The Trump Organization’s chief financial officer is close to reaching a plea deal in a case investigating whether he benefited from off-the-books income to himself and other company executives, but allegedly But the potential deal doesn’t bring prosecutors any closer to their headquarters. Target: Former President Trump.
The New York Times reported Monday, citing two people with knowledge of the matter, that Alan Wesselberg and his attorneys met with a judge and that the case is scheduled to be heard Thursday, pending a possible settlement. indicates arrival.
A person familiar with the matter told The Times that a possible deal could mean Wesselberg would face a much lesser sentence of five months in prison.
Prosecutors had hoped that Wesselberg would eventually testify against Trump himself, but ultimately declined despite reaching a possible plea deal.
Last June, criminal charges were filed against Wesselberg and the Trump Organization over allegations that the company avoided paying taxes on fringe benefits such as cars, apartments and other bonuses received by the company.
The case is being investigated by the Manhattan district attorney’s office, which has filed 15 criminal charges against Weiselberg and the Trump Organization, including fraud, conspiracy and falsifying business records. Legal experts say the executive could face up to 15 years in prison if convicted, although various sentencing factors could lower that number.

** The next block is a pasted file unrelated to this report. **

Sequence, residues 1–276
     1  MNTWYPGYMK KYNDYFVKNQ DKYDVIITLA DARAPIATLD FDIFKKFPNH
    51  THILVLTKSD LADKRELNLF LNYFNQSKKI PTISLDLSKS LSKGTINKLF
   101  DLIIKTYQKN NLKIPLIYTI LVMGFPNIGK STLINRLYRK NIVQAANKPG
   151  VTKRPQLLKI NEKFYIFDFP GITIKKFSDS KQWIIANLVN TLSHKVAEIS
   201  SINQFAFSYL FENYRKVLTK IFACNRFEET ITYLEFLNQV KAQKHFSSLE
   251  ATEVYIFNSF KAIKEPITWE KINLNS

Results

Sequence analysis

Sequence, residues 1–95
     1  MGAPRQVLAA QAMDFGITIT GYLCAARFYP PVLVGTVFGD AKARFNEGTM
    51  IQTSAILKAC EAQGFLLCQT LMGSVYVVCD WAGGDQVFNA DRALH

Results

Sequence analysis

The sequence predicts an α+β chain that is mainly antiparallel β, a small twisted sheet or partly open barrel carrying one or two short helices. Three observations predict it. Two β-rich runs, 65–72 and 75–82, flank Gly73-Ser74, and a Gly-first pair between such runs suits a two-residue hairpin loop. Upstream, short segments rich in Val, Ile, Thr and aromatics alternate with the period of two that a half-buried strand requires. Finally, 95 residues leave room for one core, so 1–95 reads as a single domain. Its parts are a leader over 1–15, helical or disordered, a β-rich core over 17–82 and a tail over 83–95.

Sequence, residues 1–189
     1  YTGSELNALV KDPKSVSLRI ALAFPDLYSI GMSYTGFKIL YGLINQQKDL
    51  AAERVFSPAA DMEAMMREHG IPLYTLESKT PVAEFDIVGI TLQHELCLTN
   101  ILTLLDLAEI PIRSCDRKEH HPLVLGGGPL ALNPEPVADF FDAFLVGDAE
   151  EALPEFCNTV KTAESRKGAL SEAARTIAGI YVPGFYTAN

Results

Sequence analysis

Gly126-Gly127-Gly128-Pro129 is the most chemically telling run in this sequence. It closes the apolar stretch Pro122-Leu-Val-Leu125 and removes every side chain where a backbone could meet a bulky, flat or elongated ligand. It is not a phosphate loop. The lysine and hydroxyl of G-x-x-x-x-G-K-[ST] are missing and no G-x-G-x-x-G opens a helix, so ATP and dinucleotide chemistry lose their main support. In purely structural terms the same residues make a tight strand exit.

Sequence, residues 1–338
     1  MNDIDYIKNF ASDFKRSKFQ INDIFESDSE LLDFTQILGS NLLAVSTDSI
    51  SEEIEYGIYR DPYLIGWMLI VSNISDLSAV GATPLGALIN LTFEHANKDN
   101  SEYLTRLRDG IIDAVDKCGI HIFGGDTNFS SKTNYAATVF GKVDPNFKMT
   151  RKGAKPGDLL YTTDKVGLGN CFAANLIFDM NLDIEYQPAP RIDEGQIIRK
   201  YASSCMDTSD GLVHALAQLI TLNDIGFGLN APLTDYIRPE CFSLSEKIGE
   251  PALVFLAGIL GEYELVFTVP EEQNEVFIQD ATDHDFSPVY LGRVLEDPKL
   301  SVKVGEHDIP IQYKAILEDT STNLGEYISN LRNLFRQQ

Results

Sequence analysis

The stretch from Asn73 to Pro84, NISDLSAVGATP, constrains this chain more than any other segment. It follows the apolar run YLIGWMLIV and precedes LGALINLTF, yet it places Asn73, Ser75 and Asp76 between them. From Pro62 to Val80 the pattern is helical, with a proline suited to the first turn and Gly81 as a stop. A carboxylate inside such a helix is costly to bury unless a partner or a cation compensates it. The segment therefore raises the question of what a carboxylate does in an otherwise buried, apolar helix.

The district attorney’s office did not immediately return a request for comment from The Hill.
The case is separate from the statement Trump made last week regarding an investigation by New York Attorney General Letitia James (D) into allegations that the Trump Organization misrepresented the value of assets and lied to creditors and tax authorities. Misled?
Trump said he invoked his Fifth Amendment right during the deposition, and his lawyer later told The Times that he only answered one question about his name.
The FBI also searched his Mar-a-Lago estate a week ago, in an unprecedented operation in which authorities seized documents, some of which were marked as highly classified. had gone.
An unsealed search warrant made public Friday revealed that federal law enforcement officials suspect Trump violated the Espionage Act and other laws.
Updated at 7:36 p.m.
For the latest news, weather, sports and streaming video, head to The Hill.